his voice a stone boat
at the base of the Spanish Steps
sunk in clear water

As naturally
as leaves from a tree as blood
in a white towel
as water rising falling
in the same fountain

Where's the deathbed—
burnt like his rival Shelley
or disinfected
gilded for someone's
mother-in-law in Trastevere

Piazza Spagna
Hans Christian Andersen dreams
a merman whose gills closed up
when he quits singing—
It's Keats, dreaming him

Fled is that vision
do I wake or do I sleep—

Good manifesto
for any moment passing
this one included

So how many breaths
gild the breadth of time elapsed
between Keats and me—
Shelley measured it with stars
just before he drowned

Maybe in the coffin
he wore Italian shoes—
I bought a pair yesterday
for parties but today
for Keats I'm going shoeless

This is not your common or garden-variety tanka sequence! Apart from the complex thought and allusions, there is some out-of-the-ordinary, but surely deliberate, use and omission of punctuation. It makes for thoughtful reading and consideration.

Another new voice is Carol Raisfeld—and what a voice it is! Passionate, her verses take a great leap forward from those of wistful longing that we read so frequently. Do the first four poems in this montage make you catch your breath?

a curtain of dust

she bends
to collect her tip
and smiles,
aching to be touched
by knowing hands

I suck
the brandy from
his finger
before love; whispering
promises of much more

refuge from reality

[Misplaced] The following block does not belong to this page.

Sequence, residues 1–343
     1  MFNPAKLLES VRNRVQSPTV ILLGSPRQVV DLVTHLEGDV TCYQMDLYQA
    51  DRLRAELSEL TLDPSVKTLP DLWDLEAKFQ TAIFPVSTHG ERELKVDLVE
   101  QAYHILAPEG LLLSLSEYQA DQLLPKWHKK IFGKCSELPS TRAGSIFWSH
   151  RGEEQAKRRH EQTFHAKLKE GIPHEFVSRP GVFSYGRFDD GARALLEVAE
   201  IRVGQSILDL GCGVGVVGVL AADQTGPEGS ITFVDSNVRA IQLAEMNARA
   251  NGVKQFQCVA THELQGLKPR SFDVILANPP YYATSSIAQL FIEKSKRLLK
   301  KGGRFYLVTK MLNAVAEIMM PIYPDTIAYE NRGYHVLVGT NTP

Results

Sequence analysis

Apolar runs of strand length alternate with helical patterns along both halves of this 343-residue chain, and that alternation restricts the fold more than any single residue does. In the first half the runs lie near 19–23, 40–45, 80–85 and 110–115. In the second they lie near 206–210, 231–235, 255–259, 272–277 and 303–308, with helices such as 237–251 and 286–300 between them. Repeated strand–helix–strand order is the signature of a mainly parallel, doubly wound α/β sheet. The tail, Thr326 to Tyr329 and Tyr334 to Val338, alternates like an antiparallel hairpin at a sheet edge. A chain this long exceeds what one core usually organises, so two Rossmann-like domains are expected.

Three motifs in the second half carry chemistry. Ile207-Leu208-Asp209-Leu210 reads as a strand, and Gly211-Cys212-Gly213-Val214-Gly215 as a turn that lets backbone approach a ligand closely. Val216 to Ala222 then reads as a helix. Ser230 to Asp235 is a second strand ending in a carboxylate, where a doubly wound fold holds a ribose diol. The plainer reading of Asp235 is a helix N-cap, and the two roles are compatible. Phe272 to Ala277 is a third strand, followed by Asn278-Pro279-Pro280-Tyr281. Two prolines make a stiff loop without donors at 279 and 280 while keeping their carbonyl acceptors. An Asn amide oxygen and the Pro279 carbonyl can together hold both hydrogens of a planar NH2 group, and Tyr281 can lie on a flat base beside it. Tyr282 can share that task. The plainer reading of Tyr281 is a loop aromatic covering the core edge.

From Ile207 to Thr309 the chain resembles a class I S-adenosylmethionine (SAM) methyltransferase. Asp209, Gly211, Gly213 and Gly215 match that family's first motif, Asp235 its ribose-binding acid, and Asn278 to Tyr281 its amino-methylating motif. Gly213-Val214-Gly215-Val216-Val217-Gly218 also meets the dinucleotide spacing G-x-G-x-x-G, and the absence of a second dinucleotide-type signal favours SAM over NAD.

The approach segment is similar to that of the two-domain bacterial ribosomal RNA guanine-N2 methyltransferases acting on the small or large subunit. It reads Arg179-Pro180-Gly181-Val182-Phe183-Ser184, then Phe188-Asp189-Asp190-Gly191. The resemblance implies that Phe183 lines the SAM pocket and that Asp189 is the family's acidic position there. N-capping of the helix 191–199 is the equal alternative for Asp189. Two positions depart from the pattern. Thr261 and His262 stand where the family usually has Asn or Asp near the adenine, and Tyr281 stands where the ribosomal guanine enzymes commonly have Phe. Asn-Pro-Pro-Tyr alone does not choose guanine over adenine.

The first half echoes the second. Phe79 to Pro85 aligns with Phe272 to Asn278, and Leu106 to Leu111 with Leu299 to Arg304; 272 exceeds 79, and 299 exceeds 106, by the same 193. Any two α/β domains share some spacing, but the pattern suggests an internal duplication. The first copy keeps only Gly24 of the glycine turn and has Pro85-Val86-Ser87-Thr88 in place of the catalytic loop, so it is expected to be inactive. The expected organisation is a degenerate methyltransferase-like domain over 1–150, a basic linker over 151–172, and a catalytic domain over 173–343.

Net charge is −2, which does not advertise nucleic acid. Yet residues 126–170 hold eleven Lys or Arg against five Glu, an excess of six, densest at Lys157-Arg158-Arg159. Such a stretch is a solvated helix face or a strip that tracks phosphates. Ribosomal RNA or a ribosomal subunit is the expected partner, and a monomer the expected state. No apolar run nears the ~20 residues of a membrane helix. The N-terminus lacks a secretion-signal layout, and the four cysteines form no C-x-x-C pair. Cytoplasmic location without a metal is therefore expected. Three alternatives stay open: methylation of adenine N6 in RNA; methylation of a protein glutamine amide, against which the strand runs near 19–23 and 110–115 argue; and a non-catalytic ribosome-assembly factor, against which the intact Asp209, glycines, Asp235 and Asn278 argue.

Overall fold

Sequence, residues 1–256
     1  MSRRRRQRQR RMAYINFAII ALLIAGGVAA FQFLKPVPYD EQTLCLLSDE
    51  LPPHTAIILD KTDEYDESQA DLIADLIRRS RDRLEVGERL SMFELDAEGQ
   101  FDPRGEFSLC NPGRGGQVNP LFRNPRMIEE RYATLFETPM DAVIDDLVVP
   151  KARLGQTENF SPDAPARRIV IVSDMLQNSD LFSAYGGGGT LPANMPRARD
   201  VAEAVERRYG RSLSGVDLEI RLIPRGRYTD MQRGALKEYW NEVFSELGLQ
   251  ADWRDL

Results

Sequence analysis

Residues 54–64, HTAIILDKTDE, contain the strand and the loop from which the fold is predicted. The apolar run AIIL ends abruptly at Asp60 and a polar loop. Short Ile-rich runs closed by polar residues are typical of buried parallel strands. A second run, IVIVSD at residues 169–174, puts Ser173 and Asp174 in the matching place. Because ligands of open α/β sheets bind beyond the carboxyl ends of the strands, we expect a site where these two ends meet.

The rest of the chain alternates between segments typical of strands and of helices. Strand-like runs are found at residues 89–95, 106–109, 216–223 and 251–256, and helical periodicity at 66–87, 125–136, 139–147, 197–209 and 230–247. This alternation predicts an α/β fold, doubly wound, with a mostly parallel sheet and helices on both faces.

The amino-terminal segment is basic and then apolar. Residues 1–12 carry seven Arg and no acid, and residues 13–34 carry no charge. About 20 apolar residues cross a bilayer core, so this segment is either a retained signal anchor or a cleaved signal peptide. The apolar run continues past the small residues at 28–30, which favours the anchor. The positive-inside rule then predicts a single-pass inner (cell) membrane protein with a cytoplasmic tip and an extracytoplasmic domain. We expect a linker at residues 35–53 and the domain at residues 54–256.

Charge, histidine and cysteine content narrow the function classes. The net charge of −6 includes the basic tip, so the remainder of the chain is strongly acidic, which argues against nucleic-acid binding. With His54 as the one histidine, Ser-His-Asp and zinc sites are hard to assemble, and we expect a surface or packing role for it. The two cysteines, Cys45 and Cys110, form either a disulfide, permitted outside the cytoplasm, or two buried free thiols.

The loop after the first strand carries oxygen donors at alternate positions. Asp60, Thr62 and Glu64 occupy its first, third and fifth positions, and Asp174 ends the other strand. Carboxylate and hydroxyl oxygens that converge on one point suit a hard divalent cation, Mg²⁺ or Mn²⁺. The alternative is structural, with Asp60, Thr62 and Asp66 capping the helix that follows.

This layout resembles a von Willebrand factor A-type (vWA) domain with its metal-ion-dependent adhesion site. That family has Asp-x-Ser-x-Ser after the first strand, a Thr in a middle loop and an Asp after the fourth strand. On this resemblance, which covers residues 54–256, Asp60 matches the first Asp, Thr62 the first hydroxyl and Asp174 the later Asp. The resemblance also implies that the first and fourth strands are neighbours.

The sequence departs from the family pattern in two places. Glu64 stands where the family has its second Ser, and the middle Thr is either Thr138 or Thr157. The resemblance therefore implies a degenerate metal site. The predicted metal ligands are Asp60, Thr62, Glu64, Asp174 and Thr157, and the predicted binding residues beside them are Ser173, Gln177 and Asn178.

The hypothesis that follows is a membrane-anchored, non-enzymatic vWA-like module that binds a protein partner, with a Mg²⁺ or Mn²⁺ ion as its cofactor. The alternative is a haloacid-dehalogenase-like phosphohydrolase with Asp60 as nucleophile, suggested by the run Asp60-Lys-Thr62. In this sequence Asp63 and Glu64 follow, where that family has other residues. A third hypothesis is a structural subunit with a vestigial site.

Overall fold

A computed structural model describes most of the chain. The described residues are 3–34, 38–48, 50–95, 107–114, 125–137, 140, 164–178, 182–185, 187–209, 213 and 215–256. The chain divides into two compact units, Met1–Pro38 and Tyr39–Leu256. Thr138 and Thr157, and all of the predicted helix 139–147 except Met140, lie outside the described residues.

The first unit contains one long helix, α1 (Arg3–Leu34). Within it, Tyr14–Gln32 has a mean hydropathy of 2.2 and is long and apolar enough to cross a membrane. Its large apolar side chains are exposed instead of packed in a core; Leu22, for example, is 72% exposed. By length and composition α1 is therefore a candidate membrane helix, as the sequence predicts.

in a night of shooting stars
I open to him . . .
in half-light, the pleasure
in each other's eyes

falling up
into the stars from
a cradle of sand . . .
nestled close beside you
I turn and taste the night

You will have to buy the The Dreaming Room to see what she writes about next—but isn't this poem appropriate, considering the book's title and its definition?

In between these extremes, there are the poems of a more familiar poet—Jeanne Emrich. Her explorations are original and provoking. She has broadened her usual style with such fine results that one hopes she continues in this vein—part of the time, anyway. Here is one of her montages:

A Thousand Dirt Baths

all day I dig in the dirt—
the Rocky Mountains
rise from my hands;
eagles fly up through my fingers;
this is my rapture

I am like an elephant—
a thousand dirt baths
would only deepen the joy
settling into the creases
and folds of my skin

you would think I ate
jewels off the Taj Mahal
the way I came home
and cried like a peacock
that never tasted dirt

the outraged stallion
brushes the earth with a foal
in his teeth—
I bury the newborn
with a fistful of sorrow

I am the dirt spooned
into the petri dish,
the illumined stereoscope,
and astonished eyes staring—
what I see is me

In the work of these poets there is no conscientious adherence to a particular syllable count or line length, but the essence of the familiar s/l/s/l/l is evident. There is the distinct feel of the old Japanese poem from which all this originated. So, what does make these poems so unusual? Is it the refusal to follow any presumed rules? Is it the enjambment, more than commonly seen in English-language tanka? Is it the uncommon thought processes? Or is it the "longer and more sustained poetic experience…without recourse to the progression of Western-style stanzas" that McClintock speaks of in his introduction? It could well be something indescribable.

The other selected poets are Cherie Hunter Day, Margarita Engle, Denis Garrison, Sanford Goldstein, Michael McClintock and Robert D. Wilson. I have chosen to showcase those whose work seems most original in subject and style. The work of each and every poet contributes great depth to this collection.

Each one of their collages and montages allows the reader to wander happily in the space allowed to pervade between words, lines and verses—that space called "dreaming room."


The Dreaming Room: Modern English Tanka in Collage and Montage Sets
Edited by Michael McClintock and Denis Garrison
Modern English Tanka Press (2007)
PO Box 43717
Baltimore, Maryland 21236 USA
ISBN 987-0-6151-5083-3
$17.95 USD